If you’re a regular reader of this blog (do I even have any regular readers anymore? Ah what does it matter) or you follow me on Twitter, you should know that I’m a huge geek for pro wrestling. Have been for 25-odd years, in fact; a bit longer than The Undertaker’s been around. They told me I’d grow out of it, but despite my interest waning here and there, it hasn’t happened yet. I might never have been a hardcore tape-trader or a dirt sheet subscriber, but I’m a lifer nonetheless.
And in 2015, it’s really never been a better time to be a wrestling geek. There’s the WWE Network, of course: every major show live in HD, no sports channel subscription, dodgy stream or next-day torrenting required. But in the last couple of years especially, the whole wrestling world beyond WWE has become accessible to those who wish to explore. Just a glance at YouTube shows indie promotions like Ring of Honor and CHIKARA making the most of online streaming to get their goods out there.
OK, it’s in the Oxford English Dictionary – but do you know what ‘cis’ means?
“If I can’t say a word to my hairdresser and expect to be understood, it’s not, in my view, a good word. Cisgender smacks too much of esoteric gender theory to me; all very well if you get a kick out of discussing the minutiae of identity politics all day, but I’d rather talk about important stuff. Like lipstick.” Ha! But joking aside, there’s an important point here about using (misusing?) academic terminology outside of that context, however well-meaning. (The same goes for concepts like ‘microaggression’: misapprehended by a broader audience that doesn’t grok the discrete difference in meaning a term like ‘aggression’ can have.) #comment·
List of selfie-related injuries and deaths
A few of these, like falling down the steps at the Taj Mahal, are unfortunate incidents that could happen to anyone. But the rest? Some people will do the stupidest things for social media kudos. #aux·
Seijun Suzuki’s Yakuza classic epitomises ’60s cool with its bold colours and fashions, picturesque framing and brisk editing, but it’s so much more than that. What other thriller could embrace comedic farce or even the musical without losing its edge?
Thirty-seven years on and John Carpenter’s original still maintains its power to scare. Much of that is in its economy, from the austerity of the villain’s backstory (we don’t need to know Michael Myers is anything other than a unique brand of psychopath with preternatural abilities) to the brief running time (90 minutes is more than enough to do all it needs to do) to the distinct lack of gore (it’s not about gruesome set pieces; the horror - even visually - is mostly liminal). It’s in Carpenter’s holistic vision for the piece, with unusual shots and staging for the time, and that pioneering electronic soundtrack. And of course it’s also in Jamie Lee Curtis, she of quality Hollywood lineage, being a cut above the average scream queen, and with whose terror it’s all too easy to empathise. Quite simply one of the best ever.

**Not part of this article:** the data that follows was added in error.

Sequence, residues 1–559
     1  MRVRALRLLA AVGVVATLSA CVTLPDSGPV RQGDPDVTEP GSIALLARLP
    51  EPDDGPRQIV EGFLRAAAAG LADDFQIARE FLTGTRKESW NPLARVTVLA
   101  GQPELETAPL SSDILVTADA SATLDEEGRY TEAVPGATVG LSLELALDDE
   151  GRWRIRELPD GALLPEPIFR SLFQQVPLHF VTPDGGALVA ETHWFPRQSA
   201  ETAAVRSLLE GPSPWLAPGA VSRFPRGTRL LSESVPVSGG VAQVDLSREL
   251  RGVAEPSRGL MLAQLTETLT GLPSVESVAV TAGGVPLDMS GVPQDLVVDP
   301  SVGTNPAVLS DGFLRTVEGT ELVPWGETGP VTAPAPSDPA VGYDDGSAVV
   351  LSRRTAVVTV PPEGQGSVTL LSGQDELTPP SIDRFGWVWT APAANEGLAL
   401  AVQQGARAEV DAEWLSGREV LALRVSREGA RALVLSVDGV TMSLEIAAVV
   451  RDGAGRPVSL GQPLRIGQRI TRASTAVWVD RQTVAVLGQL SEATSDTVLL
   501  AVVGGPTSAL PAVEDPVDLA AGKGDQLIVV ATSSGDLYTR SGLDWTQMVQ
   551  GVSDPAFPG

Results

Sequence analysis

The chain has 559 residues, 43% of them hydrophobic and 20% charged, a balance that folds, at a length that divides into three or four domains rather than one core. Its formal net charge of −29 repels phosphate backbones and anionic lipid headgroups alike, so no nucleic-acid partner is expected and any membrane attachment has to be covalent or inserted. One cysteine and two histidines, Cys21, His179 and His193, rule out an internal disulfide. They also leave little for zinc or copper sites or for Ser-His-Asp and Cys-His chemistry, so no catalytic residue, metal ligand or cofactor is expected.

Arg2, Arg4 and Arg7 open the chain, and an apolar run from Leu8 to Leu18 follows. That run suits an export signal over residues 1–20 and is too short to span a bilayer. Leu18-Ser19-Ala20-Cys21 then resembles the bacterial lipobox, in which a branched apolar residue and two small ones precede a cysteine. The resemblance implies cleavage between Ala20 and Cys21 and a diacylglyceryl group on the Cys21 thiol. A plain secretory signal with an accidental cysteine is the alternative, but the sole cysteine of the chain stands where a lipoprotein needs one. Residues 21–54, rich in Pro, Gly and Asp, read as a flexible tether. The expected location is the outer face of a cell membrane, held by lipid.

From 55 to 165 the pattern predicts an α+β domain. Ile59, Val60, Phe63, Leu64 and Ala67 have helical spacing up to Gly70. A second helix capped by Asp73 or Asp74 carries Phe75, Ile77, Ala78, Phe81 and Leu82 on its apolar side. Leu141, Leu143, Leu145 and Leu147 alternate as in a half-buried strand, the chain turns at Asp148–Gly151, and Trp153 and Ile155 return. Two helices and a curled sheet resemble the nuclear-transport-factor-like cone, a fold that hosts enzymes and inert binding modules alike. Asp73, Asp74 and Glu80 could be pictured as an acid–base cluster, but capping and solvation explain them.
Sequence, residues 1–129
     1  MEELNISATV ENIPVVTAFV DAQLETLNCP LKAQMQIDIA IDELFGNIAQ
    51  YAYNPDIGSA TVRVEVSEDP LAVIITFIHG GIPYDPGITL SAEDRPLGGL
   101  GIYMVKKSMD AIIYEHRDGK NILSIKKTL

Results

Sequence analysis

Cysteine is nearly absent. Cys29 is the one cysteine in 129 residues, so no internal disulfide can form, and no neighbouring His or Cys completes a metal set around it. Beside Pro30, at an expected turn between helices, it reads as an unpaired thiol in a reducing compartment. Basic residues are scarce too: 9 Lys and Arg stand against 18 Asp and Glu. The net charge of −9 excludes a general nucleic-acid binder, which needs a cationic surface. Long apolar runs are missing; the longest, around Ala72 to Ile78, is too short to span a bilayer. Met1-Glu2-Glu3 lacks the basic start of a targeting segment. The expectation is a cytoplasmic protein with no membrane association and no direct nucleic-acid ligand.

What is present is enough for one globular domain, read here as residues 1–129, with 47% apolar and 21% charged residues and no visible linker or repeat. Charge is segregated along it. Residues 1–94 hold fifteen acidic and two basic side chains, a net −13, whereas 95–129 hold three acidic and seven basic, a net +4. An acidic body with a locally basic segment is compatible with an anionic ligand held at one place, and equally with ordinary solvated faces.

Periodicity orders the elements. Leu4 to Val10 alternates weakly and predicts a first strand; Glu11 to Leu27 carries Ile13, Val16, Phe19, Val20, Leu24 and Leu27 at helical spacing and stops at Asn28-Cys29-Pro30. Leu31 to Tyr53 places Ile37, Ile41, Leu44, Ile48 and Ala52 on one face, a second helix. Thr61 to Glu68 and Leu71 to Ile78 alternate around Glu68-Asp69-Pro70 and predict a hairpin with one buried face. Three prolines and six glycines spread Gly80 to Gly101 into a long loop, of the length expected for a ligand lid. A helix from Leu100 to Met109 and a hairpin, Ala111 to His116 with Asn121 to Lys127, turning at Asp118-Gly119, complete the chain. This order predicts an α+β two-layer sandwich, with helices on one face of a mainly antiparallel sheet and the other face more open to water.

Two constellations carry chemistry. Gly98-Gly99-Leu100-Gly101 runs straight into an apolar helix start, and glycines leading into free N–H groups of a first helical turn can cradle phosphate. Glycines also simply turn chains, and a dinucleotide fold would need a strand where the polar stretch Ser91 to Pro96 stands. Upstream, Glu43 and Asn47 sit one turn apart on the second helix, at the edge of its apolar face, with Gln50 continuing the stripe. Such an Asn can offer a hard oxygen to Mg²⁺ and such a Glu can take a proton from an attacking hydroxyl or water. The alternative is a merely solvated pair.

I’ve twice been to the Rothko Room at London’s Tate Modern, most recently in the summer of 2013 when ‘Black on Maroon’ was undergoing a painstaking restoration process after it was vandalised in October 2012. The science behind that process is as remarkable as the painting itself, and most of Mark Rothko’s work for that matter, is spellbinding.
Getting paid. Getting a haircut. Writing up some newsy things, editing others. Solving layout problems with InDesign. Oh yeah, and completing my tax return. That was week 739.
Then week 740: deadline crunch time, then more newsy writing, more editing, and a night out with Mick Foley marred only slightly by the three drunk idiots sat in front of us, who thankfully didn’t get the mic to ask their presumably inane question during the Q&A portion of the show.
The Strange Colour of Your Body’s Tears is the very definition of style over substance. This giallo en français certainly looks the part as it descends into madness both figurative and literal, hitting cues similar to the far superior Berberian Sound Studio (that film’s director Peter Strickland is listed in the credits for audio contributions) with its repeated motifs of mirrors, eyes, lenses, knife blades, bared flesh and the like. But the sonic shenanigans and visual trickery grow tiresome before long with so little behind the bluster to discover, or want to discover. The result is little more than a showreel, albeit an admittedly impressive one, that’s desperately in search of a mystery.